How do the women know how to speak perfect English?  Did they learn it from other men who ended up on their island?  If that’s the case, then why?  They were seconds away from killing the soldiers at the outset, so what chance did any survivor without the sacred tattoo even have?  If they learned it from survivors who washed up centuries ago, then why don’t their speech patterns (bad acting aside) reflect that?  Or did women show up on the island and teach them?  Are there women from the outside world who ended up there and worked their way into the mix?  If so, when?  And why weren’t they at the forefront of the story instead of a bunch of living sex dolls designed to pad out the runtime?  Is it stupid of me to expect verisimilitude from a movie that would sooner have women wrestle and tear their tops off than actually put in effort?

…Oh, wait.  I have an answer to that last one.  

NO, DAMN IT.  IT’S NOT STUPID.

   
I was under the impression that a piece of art -- movie, game, TV show, book, comic, whatever -- existed for a reason.  To entertain, sure, but it goes beyond that.  Art is supposed to inspire emotion.  Thought.  A reaction.  It’s supposed to give its audience something to take away…and it does that by having quality.  By having good execution of its elements.  By being good.  You’re not going to be able to do that if you put out a terrible product and hope for the best.  I know that now, conclusively.  Trying to file something under the “So Bad It’s Good” category is like saying a shampoo that makes your hair smell like a landfill is so awful it warps right back to smelling like fresh muffins.  It doesn’t work.

If it sounds like I’m super-butthurt over the prospect of Dinosaur Island, it’s because I am.  If you’re reading this, then I’d assume that you’ve got a will of your own -- meaning that you’re more than willing to enjoy (and capable of enjoying) something that’s So Bad It’s Good.  Fine.  Don’t let me stop you.  But if nothing else, at least try to see things my way.  Try to understand where I’m coming from on this, as a guy who’s trying to put out good stories.  Who’s trying to do things the right way.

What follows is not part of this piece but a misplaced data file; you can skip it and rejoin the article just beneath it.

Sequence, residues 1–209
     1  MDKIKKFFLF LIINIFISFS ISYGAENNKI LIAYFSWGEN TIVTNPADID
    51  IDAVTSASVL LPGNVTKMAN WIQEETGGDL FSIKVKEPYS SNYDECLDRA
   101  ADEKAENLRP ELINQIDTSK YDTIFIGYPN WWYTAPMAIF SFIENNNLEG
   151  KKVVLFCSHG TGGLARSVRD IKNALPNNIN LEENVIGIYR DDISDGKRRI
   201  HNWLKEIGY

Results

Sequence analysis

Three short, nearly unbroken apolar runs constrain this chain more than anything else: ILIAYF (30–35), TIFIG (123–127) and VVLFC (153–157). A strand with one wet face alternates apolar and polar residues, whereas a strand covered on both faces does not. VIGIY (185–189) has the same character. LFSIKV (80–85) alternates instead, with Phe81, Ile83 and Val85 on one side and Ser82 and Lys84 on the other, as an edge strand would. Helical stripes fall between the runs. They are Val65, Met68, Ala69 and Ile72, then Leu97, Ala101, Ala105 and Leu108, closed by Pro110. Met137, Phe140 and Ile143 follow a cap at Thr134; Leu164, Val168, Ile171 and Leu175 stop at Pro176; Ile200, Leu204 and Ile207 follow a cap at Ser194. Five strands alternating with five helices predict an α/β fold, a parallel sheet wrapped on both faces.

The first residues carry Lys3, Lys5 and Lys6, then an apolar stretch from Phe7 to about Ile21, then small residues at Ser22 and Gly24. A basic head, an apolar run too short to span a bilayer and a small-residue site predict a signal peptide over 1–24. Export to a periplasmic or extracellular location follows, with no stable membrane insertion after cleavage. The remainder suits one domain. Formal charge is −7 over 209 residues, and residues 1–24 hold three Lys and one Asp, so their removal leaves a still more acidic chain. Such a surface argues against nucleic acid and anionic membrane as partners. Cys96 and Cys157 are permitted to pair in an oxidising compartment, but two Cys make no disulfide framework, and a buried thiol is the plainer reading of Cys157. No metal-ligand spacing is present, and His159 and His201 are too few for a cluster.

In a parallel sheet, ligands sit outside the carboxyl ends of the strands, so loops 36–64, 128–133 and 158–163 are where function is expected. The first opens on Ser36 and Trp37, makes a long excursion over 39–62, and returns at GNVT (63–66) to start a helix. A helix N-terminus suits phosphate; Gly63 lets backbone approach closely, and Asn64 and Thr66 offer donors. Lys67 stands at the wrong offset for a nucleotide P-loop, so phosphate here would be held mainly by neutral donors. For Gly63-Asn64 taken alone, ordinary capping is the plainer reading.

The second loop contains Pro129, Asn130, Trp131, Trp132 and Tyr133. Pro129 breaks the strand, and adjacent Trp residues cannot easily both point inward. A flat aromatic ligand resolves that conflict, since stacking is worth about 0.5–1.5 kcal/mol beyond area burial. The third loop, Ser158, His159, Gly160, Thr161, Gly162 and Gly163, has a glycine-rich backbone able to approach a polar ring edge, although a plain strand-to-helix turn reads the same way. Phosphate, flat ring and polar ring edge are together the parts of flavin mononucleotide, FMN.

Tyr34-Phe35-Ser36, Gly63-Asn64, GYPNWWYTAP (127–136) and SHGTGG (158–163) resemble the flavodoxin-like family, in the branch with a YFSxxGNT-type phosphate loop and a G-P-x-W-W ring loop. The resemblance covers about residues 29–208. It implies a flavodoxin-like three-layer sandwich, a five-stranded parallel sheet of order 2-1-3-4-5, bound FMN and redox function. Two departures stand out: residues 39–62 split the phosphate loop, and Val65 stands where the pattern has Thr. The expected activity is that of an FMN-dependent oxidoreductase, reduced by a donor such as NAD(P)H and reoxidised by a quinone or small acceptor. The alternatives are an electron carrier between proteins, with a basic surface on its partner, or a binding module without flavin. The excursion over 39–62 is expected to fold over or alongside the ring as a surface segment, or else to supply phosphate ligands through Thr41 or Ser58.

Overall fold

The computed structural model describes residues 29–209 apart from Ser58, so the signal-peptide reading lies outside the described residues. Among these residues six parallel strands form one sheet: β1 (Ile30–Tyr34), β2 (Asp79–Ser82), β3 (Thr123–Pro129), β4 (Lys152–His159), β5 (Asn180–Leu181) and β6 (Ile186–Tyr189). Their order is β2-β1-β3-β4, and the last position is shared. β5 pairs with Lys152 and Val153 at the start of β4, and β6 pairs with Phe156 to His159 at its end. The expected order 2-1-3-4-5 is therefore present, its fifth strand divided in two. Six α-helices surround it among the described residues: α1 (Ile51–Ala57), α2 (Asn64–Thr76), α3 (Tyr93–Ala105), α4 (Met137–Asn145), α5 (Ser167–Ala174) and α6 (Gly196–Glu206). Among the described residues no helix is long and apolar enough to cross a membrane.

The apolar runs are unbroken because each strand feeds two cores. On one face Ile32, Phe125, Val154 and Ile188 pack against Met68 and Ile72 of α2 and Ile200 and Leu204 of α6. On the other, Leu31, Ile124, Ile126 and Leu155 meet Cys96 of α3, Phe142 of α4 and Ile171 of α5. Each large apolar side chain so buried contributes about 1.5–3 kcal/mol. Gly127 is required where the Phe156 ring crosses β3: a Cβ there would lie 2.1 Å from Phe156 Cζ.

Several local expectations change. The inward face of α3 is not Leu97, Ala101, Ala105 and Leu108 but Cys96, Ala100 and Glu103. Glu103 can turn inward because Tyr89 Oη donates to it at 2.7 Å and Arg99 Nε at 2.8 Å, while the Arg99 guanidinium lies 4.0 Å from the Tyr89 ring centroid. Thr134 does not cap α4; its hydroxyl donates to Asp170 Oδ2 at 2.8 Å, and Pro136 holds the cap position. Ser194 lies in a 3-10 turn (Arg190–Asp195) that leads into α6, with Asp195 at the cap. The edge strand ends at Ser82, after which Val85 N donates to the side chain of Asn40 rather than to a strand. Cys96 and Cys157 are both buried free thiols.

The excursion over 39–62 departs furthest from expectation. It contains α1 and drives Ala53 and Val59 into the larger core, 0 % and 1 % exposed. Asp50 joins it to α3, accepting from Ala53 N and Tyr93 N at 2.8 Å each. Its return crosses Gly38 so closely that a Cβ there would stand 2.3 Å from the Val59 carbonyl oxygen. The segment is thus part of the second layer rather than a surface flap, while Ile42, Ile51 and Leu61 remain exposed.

So let me say this: do you know what I was watching before heading out to see Dinosaur Island?


That’s right.  And guess what?  It’s freaking great.  I should have known that by now, but as you may well know, I made a terrible mistake and opted to watch The Walking Dead every time it was on.  But by chance, my brother and I started watching it at last, and we both enjoyed it.  It did more than just teach; it gave us a narrative to follow, and speaking personally I was 100% on board for a journey across reality itself with Neil deGrasse Tyson.  I want to watch more of it, because it’s more than just a science class.  It’s a show designed to show just how awesome the universe is on damn near every level you can imagine.

How big of a paradox is it that the same night that would have me watching something as stimulating as Cosmos would also have me withering into a husk via Dinosaur Island?  But you know what?  Out of everyone in that room, I was the only one struggling to keep my brains from leaking out of my ear.  The other guys just hooped and hollered at the sight of awful effects.  They went oooh and aaah and ohhhhhhhhhh at the sight of naked ladies (especially when it was super sex time).  My brother even started a chant on Turbo’s behalf, and seemed genuinely invested in Turbo’s quest for sex as opposed to an impending clash with a centuries old devourer of flesh.

Something about that doesn’t sit right with me. 


When I voiced my concerns before the movie, my brother was the one who gave me trouble for it.  “Not everything has to be some award-winning masterpiece,” he said, and he didn’t bother holding back a shred of his derision.  I could have told him that I understood that (for God’s sake, I’ve defended the ’94 Street Fighter movie), or argued my point as I have here.  But I didn’t.  I just kept my mouth shut and decided to play along for the rest of the night.  And I feel dirty for it.